In the feedback compensating apparatus constructed as described above according to the third aspect of this invention, the compensating values for adjusting the reference values of the two end working portions of the workpiece are determined on the basis of not only the diameter values of these two end working portions measured by the post-process measuring device, but also the measured diameter values of the other working portions. This arrangement permits the reference values used to control the machine to be adequately adjusted so as to minimize the dimensional error of the processed working portions of the workpieces, in view of the diameter values of all the working portions actually measured by the post-process measuring device.

The term “a plurality of coaxial outer cylindrical surfaces” as the working portions of each workpiece is interpreted to include not only coaxial cylindrical portions of the workpiece which have the same outside diameter, but also coaxial cylindrical portions thereof which have different outside diameters.

Further, the term “two end working portions” of each workpiece is interpreted to mean not only the two axially outermost outer cylindrical surfaces nearest to the opposite axial ends of the workpiece, but also two outer cylindrical surfaces which are axially inside the axially outermost outer cylindrical surfaces and are relatively near the opposite axial ends of the workpiece.

Each of the “two reference values set for the two end working portions” is interpreted to include at least a reference value indicative of an amount of movement of the array of working tools relative to the workpiece, which amount is required to establish a nominal outside diameter of the corresponding end working portion. That is, the reference value for each of the two end working portions should include a reference value indicative of a time at which the working operation on the corresponding end working portion is terminated, and may include at least one reference value corresponding to an outside diameter of the end working portion which is larger than the nominal outside diameter.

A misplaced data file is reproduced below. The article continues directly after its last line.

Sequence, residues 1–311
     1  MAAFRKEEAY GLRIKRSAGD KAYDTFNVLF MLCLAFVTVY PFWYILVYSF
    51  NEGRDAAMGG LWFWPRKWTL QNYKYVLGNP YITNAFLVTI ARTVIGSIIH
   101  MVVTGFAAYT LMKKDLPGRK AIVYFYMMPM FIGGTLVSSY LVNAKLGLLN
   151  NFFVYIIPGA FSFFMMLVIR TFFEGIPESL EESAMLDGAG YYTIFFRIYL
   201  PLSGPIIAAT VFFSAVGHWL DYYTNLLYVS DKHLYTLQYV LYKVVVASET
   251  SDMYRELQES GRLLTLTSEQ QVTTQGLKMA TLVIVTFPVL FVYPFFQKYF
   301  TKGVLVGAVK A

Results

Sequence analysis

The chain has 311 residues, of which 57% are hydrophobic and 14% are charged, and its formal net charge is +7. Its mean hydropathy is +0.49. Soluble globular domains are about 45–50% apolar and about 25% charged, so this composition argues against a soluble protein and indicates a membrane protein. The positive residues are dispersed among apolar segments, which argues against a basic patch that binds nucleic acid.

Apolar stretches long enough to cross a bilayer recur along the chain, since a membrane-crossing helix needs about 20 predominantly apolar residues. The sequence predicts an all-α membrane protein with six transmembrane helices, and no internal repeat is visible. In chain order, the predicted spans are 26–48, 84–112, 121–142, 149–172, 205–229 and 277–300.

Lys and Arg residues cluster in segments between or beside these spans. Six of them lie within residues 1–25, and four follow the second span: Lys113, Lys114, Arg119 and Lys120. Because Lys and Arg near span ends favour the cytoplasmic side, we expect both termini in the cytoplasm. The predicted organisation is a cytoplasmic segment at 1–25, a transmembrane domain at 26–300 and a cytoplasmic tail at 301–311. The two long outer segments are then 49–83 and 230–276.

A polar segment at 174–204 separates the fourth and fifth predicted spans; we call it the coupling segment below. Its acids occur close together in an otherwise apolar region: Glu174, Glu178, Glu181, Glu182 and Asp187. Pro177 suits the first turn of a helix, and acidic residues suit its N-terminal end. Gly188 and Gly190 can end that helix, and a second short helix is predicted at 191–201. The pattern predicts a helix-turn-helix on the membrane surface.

The phrase “an operating angle of the array of working tools relative to each workpiece is adjusted and the working operation of the machine on each workpiece is terminated, on the basis of the diameter values of the two end working portions measured by the in-process measuring heads, in relation to two reference values set for the two end working portions, respectively” may be interpreted to mean the following two modes of control of the machine by the machine control means, for example.

In one mode of control of the machine, when one of the two reference values set for the respective two end working portions is reached before the other reference value, the operating angle is adjusted based on a difference between the above-indicated other reference value and a value corresponding to the outside diameter value of the corresponding end working portion actually measured by the post-process measuring device. With the adjusted operating angle, the working operation is continued until the above-indicated other reference value is reached, namely, until the actually measured outside diameter values of the two end working portions have become equal to the respective reference values.

In the second mode of control of the machine, two reference values are set for each end working portion. These two reference values correspond to intermediate and nominal (final) outside diameters of the end working portion. The intermediate outside diameter is larger than the nominal or final outside diameter. The operating angle of the array of working tools is adjusted when the reference value corresponding to the intermediate outside diameter of one of the two end working portions is reached. This adjustment is made based on a difference to the reference value corresponding to the intermediate outside diameter of the other end working portion. With the adjusted operating angle, the working operation is continued to finish the working portions, until the reference value corresponding to the nominal outside diameter of one of the two end working portions is first reached, or until the two reference values corresponding to the nominal outside diameters of the two end working portions are both reached, one after the other.

In one form of the apparatus according to the above third aspect of the invention, the determining means includes: diameter adjusting means for adjusting the diameter values of the two end working portions of the workpiece measured by the post-process measuring device, on the basis of the diameter values of all of the plurality of working portions measured by the post-process measuring device; data obtaining means for obtaining dimensional error data relating to a dimensional error of each of the two end working portions, on the basis of the diameter values of the two end working portions adjusted by the diameter adjusting means; and means for determining the two compensating values for adjusting the two reference values, on the basis of the dimensional error data.

The term “dimensional error data” is interpreted to cover not only the data indicative of the dimensional error per se of the end working portions, but also data indicative of a tendency of change in the dimensional error, and even data indicative of a tendency of change in the tendency of change in the dimensional error.